Bunions

Bunions have a bit of a reputation as something that “old ladies” get. But that’s a huge oversimplification. In fact, men and women of all ages and activity levels can develop bunions on one or both feet.

In fact, the wear and tear of athletic activity can actually cause a bunion to develop earlier or more quickly—especially if your footwear choices are less than ideal. Even all-pro NFLers sometimes develop them during their playing careers—Julio Jones being a notable recent example.

And of course, bunions themselves can present a major obstacle for active people. They can cause significant pain on the field, limit your mobility, and even prevent you from fitting into your cleats or sneakers.

Fortunately, we can help.

What Is a Bunion?

A bunion is complex structural deformity the affects the foot around the base of the biggest toe.

Essentially, that joint (known as the metatarsal phalangeal joint, or MTP) becomes unstable and shifts out of alignment. The toe itself starts to push toward, against, and sometimes even over the neighboring toe. Meanwhile, an enlarged, bony bump forms along the inside of the foot at the base of the toe.

In addition to the unsightliness of the bump itself, bunions are associated with pain, swelling, restricted motion of the toe, and inability to wear normal shoes comfortably. Corns and calluses can also form where the misaligned structures rub against the inside of footwear.

For an athlete, the downsides are obvious. You may lose the ability to play to your full potential, or play without pain … or play at all.

Bunion Pain

What Causes Bunions?

Bunions do not have a single cause, but may be instigated or worsened by a complex combination of factors. These may include:

  • Genetics. The foot structure you were born with may place excess force on the MTP joint. If so, you may simply be genetically predisposed to developing bunions. It is well known that bunions do tend to run in families.
  • Foot injuries. Both traumatic and chronic injuries affected the front of the foot may increase the risk of bunion development later in life.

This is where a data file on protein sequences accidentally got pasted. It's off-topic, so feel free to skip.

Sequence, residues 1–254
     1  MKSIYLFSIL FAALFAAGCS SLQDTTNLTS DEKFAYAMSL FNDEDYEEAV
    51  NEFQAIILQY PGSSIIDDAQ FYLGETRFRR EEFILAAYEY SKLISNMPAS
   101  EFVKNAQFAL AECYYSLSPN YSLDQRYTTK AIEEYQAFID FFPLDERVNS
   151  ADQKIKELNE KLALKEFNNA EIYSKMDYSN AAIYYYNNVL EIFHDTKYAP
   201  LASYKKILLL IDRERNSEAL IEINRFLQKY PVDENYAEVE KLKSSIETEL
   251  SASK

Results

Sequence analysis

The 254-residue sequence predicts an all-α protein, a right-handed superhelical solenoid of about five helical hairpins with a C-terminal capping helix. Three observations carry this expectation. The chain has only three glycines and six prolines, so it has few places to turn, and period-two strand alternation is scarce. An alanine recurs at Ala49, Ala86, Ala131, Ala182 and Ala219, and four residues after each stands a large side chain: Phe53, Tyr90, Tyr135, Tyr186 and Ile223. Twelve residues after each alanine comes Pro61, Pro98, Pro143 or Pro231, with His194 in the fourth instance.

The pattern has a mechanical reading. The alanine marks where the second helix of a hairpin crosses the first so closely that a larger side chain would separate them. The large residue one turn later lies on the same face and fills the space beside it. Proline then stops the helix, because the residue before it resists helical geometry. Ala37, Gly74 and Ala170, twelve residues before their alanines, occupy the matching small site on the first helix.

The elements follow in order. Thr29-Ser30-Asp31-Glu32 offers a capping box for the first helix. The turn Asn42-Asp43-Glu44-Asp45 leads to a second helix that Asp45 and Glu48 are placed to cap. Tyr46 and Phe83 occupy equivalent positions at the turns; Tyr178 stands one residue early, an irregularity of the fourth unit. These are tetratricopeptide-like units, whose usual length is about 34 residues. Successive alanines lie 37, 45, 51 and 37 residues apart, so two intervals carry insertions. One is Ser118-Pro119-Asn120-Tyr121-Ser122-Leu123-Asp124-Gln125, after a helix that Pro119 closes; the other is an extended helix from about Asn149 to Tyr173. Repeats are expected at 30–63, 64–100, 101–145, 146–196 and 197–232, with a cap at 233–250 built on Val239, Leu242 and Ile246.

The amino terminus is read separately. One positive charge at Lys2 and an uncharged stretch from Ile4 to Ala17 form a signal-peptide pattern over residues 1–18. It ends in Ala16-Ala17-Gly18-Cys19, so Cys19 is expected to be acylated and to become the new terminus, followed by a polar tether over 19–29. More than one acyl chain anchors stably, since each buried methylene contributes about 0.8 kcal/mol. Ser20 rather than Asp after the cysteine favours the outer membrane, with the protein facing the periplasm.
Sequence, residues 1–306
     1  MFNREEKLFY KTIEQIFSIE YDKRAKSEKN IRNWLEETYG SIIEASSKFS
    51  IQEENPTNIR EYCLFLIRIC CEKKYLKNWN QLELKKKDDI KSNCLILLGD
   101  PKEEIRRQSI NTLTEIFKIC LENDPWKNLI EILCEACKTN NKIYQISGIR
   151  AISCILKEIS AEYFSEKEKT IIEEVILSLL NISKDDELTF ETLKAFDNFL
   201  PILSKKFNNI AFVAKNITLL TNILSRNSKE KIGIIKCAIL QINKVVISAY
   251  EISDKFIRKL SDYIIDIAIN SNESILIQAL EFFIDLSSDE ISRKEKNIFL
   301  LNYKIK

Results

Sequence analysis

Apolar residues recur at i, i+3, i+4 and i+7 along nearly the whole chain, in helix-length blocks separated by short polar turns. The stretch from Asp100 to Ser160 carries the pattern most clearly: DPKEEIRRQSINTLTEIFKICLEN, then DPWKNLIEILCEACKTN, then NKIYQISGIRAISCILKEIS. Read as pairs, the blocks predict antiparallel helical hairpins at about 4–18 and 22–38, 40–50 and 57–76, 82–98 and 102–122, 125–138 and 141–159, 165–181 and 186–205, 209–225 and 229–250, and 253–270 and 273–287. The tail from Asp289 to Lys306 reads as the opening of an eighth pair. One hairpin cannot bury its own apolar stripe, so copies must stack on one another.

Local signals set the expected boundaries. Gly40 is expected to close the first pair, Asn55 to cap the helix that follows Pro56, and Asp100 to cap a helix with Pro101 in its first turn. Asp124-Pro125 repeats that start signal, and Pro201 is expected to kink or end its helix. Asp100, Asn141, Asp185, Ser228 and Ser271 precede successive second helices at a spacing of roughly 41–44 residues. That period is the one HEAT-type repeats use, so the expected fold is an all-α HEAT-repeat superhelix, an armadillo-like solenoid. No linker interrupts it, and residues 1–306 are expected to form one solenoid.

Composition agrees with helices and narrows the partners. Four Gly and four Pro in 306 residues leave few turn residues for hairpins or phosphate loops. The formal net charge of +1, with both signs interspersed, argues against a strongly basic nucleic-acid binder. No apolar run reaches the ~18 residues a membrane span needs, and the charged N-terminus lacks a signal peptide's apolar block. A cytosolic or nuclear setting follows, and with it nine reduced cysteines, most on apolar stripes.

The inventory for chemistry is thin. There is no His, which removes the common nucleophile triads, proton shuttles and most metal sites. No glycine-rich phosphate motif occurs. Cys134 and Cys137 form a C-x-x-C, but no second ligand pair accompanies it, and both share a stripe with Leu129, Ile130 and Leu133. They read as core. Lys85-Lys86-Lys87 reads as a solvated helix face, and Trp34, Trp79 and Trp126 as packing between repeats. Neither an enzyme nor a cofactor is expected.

• Footwear. It’s not clear whether poor shoe choice can cause a bunion if you aren’t already genetically predisposed to getting one. However, they can certainly irritate an existing bunion and accelerate the progression.

How Are Bunions Treated?

Bunions, unfortunately, do not get better on their own. They are a progressive condition, which essentially means that they only get worse with time—and can only be truly fixed via surgery.

Nonetheless, there are a couple of broad options when it comes to treatment:

  • Conservative. Mild bunions can sometimes be managed with non-invasive treatments. The goal, always, is to make sure you can enjoy all your physical activities without being limited by pain or disability. If we can do this using measures such as custom orthotics, modified gear, or other conservative treatments, we can certainly recommend this route as an option.
  • Surgical. Severe bunions that don’t respond to conservative treatment will need to be surgically corrected. Athletes may also select surgery for mild-to-moderate bunions if they are having trouble performing certain activities comfortably.

If a bunion is developing, it’ll get in the way of your game sooner or later. The best call is to address it early, rather than wait for it to start affecting your daily life.

No matter what stage your bunion is in, contact the Colorado Center for Podiatric Sports Medicine today for aggressive, advanced, and effective treatment options. Just dial (720) 600-3380, or drop us a line online via our contact form.

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